Wednesday, 22 May 2013

A royal visit to Leeds Castle: Henry VIII and the Field of Cloth of Gold

On this day in 1520 King Henry VIII stayed at Leeds Castle with Queen Catherine of Aragon and an entourage of 5000 people. This was the best-documented royal visit to Leeds Castle and was a stop off between Greenwich and northern France for a ceremonial meeting with Francis I of France. This meeting became known from its magnificence as the Field of Cloth of Gold and was part of unsuccessful diplomatic attempts by Francis to woo the English away from their alliance with the Holy Roman Emperor Charles V.

King Henry VIII travelled from London to Dover with an entourage of 3,997 people set out from Greenwich Palace on Sunday 21 May, 1520 and reached Leeds Castle on Monday 22nd May on the way to France. Queen Catherine of Aragon, Henry’s first wife, travelled in the same cavalcade accompanied by a personal suite numbering 1,175. Obviously not all of this vast concourse would have found quarters in the Castle, but the King, Cardinal Wolsey and nine other Bishops would have.  The entire upper floor of this part of the Castle was exclusively reserved for the Queen and her closest household staff, indeed the fireplaces decorated with her royal coat-of-arms and the symbols of Castile, a castle and a pomegranate, remain to this day.

At the time, Sir Henry Guildford was the Constable of the Guard at Leeds and as such was responsible for preparing the Castle for the King’s visit. It was his job to ensure food and sleeping places for everyone. He was paid £66-3s-3D (approx. £25,500 in today’s money). And given that the King had already paid some £860 for the necessary repairs and alterations to the Castle, the visit was an expensive undertaking; especially considering the Royal party only stayed for one night before moving on to Dover Castle. 

From the castle, they moved to Charing for their next night’s stay.  They reached Canterbury on the 25th of May, from where they moved on to Dover, before proceeding to France on the 31st of May, probably on board the flagship of the fleet, the ‘Henri Grace de Dieu’, or ‘Great Harry’.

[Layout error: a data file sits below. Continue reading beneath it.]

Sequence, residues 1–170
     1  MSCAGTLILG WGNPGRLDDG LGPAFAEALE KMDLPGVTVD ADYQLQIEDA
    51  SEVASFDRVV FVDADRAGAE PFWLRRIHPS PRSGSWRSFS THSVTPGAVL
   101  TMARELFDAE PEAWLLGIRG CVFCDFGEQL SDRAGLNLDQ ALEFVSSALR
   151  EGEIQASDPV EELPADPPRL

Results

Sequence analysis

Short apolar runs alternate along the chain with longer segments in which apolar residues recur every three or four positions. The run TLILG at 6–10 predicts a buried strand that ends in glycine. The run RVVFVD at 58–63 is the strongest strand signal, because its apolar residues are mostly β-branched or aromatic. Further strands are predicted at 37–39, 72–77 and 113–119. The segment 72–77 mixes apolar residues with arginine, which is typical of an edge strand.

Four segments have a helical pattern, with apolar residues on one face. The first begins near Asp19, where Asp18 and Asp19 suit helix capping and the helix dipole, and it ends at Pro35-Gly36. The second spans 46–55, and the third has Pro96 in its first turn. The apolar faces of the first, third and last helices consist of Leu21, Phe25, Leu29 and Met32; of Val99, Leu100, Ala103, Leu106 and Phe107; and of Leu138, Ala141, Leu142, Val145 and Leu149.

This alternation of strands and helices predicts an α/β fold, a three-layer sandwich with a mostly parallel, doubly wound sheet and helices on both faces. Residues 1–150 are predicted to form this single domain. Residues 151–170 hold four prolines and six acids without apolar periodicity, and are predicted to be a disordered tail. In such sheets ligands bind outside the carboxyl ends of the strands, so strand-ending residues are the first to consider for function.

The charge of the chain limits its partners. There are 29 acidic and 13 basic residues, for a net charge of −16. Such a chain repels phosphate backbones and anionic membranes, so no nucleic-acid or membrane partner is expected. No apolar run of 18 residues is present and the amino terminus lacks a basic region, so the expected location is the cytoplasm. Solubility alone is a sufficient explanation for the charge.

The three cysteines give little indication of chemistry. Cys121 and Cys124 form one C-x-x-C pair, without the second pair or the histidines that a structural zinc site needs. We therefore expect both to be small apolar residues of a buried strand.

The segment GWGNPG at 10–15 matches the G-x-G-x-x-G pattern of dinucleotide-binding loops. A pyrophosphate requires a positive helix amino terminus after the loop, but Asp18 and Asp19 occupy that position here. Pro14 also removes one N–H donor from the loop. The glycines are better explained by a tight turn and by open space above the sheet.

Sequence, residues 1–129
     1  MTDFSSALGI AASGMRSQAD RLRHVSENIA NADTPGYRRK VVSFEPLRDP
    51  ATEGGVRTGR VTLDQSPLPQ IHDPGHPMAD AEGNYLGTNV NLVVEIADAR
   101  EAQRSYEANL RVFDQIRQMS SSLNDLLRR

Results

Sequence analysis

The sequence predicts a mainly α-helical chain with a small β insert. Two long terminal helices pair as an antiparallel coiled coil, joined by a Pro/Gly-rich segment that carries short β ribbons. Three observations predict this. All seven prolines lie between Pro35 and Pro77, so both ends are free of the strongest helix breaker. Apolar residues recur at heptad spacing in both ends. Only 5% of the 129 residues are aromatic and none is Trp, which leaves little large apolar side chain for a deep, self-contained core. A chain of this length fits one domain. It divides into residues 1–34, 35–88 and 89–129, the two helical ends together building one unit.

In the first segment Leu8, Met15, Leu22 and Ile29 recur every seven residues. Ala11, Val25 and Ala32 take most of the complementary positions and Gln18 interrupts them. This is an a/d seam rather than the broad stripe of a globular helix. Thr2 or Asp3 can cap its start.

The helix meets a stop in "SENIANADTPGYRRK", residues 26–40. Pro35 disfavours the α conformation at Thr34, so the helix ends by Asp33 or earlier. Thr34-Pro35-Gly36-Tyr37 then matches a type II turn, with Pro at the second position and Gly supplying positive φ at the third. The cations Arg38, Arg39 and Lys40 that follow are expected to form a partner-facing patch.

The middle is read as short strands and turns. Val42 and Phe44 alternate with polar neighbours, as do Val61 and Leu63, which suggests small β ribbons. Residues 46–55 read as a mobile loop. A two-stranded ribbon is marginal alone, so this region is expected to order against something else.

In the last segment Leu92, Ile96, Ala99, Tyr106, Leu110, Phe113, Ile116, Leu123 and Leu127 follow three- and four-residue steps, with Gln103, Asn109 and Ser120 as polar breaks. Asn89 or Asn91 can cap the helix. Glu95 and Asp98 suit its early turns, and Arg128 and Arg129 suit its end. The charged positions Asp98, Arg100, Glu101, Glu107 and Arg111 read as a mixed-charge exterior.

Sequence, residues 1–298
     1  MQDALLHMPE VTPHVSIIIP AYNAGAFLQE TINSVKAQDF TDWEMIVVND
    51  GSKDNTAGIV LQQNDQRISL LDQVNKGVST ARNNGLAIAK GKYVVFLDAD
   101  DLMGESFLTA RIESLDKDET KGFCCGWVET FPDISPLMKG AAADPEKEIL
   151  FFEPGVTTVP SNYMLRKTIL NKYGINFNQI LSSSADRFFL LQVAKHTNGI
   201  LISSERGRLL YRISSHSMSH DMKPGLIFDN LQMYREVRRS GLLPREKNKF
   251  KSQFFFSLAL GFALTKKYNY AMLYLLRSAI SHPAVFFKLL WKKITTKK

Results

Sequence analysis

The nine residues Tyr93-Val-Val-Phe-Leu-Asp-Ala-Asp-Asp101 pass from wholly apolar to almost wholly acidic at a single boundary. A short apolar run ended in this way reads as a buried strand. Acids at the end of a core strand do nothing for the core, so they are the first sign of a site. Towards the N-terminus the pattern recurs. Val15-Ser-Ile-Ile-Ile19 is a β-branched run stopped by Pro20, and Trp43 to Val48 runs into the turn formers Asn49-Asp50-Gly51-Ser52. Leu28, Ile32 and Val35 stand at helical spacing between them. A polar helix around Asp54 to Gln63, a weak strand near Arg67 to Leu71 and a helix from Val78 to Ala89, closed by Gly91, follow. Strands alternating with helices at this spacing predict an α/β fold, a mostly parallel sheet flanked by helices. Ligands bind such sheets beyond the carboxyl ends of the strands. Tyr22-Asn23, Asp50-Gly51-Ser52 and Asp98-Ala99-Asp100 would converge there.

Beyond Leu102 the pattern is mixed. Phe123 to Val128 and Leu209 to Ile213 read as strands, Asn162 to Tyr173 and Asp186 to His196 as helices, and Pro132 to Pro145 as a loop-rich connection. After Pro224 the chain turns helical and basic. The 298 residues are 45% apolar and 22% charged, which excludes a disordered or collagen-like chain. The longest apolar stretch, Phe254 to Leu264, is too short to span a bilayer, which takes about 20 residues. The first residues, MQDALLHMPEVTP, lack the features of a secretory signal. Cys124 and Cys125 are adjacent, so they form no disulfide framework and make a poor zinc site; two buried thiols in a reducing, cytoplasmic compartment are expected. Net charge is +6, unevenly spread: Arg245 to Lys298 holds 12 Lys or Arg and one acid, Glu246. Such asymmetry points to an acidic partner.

Embarkation from Dover
Henry VIII rested in Priory while all the 27 ships were loaded, sailed across to France, unloaded, returned and reloaded. The hulls of the ships were too deep to come right inshore and so, small rowing boats were used to take the people to the ships, and they then had to climb up rope ladders to get on board. Once on board they hung their coats of arms on the side of the ship. This represented the passenger list and was a record of who was on which ship.

A copy of the painting of the “Embarkation from Dover” hangs in the Henry VIII Banqueting Hall at Leeds Castle. Henry VIII commissioned the paintings and in all probability the artist had not even visited Dover. They were pained around 1540, at least 20 years after the event.

The Field of Cloth of Gold
The kings spent huge amounts of money, wanting to outshine the other. Tents for people to stay in were made of gold cloth and there were wresting competitions, fountains which ran with wine, jousting tournaments, and much feasting and dancing. On the last day there was even a firework display.

They took all of their own food to eat during the 17 day meeting. Royal records show that venison from the Leeds park and butter from the dairies were supplied. We also know from Royal Household accounts that their fish menu included; 9100 plaice, 7836 whiting, 5554 soles, 2800 crayfish, 700 conger eels, 3 porpoises and a dolphin.

The original painting of the Field of Cloth of Gold is in Hampton Court palace.

Do you fancy sleeping under canvas just as Henry VIII’s entourage would have done in 1520? Leeds Castle has launched a new glamping site based on Medieval design to form a ‘village’ on the one-acre castle vineyard.

Bookable until September, Knight’s glamping offers guests a spectacular setting and the luxury of a four poster bed, warming log burning stove, crisp cotton bedding and cosy fur throws. Book your tent here!

Thursday, 16 May 2013

Knight’s Glamping at Leeds Castle: Get the Glamping look

For those of you who hadn't noticed a new trend of glamorous camping (or glamping) has emerged. More and more people are deciding to brave the British weather and take their holidays in the UK but still want a little glamour and luxury during their stay. With luxury camping accommodation and resorts offering every amenity imaginable you can enjoy the great outdoors and the camping lifestyle without sacrificing luxury.

Leeds Castle has just launched a Medieval themed glamping site within the grounds. Families and couples can now escape to the countryside for a glamorous camping holiday with the luxury of a four poster bed, warming log burning stove, crisp cotton bedding and cosy furry throws.

Camping doesn't mean you have to sacrifice style and there are a number of ways to look your best whilst out in the great outdoors. Here are our tips on how to get the glamping look and pull off the countryside chic style:

Wrap up warm

The nights around the ‘glampsite’ might get chilly so wrap up warm in a big knit cardigan or oversized jumper. Leggings with a bold print like this season’s Aztec trend with some chunky socks will keep legs and toes toasty by a camp fire. Layer up your outfit with a chunky scarf and add stylish accessories such as beaded bracelets and chain necklaces to keep you on trend.

Countryside chic footwear